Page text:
Friday, June 29, 2012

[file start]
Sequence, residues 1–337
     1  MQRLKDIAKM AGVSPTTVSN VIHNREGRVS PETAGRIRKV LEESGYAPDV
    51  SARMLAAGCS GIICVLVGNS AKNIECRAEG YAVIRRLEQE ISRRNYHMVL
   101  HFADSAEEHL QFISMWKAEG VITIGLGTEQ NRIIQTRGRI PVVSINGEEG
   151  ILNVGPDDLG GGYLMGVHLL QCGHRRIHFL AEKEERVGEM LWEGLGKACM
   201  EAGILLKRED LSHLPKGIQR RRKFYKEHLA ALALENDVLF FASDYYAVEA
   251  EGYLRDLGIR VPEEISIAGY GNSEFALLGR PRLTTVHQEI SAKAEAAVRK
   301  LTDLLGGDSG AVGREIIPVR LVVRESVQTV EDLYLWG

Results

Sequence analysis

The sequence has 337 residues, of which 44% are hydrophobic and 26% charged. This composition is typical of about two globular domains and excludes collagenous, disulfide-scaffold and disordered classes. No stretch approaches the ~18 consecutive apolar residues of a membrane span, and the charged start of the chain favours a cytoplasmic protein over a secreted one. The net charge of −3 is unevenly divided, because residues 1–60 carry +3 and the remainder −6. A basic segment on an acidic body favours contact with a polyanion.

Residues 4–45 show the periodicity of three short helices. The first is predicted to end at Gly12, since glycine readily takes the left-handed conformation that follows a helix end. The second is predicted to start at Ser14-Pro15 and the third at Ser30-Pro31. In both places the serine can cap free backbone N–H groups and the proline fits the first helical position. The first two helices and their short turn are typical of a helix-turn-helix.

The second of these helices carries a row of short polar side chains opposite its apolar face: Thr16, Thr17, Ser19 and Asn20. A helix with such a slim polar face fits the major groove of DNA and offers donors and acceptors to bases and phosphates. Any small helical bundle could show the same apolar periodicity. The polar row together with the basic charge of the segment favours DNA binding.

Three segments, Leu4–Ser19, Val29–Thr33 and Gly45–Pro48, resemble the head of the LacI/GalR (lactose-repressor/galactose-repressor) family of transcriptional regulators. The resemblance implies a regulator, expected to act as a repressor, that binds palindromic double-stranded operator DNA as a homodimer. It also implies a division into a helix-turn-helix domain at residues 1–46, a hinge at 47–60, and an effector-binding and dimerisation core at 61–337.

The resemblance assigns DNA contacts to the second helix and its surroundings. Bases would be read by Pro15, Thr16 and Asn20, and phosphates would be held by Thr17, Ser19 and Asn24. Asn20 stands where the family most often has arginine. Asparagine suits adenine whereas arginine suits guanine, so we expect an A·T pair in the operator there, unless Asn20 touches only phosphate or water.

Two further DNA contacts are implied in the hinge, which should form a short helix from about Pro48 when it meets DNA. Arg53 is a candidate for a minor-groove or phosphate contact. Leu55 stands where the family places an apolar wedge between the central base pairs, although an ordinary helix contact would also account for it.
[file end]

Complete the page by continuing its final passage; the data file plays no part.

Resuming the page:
In pensive, solitary moments, I sometimes see my classroom as a small universe itself. Like the planets and stars, my students and I are constantly moving in flawless harmony, even though it may not always appear to be so. Just as the stars may seem to be scattered in confusion across the sky, so my classroom may seem to a visitor to be abuzz with disorder. A trained observer, though, would see nothing but harmonious patterns in the distant night sky, just as someone who understands how teaching and learning works might (I hope) sense the intrinsic order in my class. Each star and planet shines and moves in its own well-ordered way, and each of us in my classroom contributes something ship-shape and special to the class. Some students are shining suns, supplying light for others, while some are small planets that shine in others' light, faithfully follow their orbits, and bestow their own uncommon beauty to the class. And the roles can change: One day I might be the sun in the galaxy of my classes, whereas another day I might be in the distant surroundings, a small, almost imperceptible star on the outskirts of the discussion in my ever-harmonious classroom on a country road that is always, amazingly,  just what it's supposed to be. 

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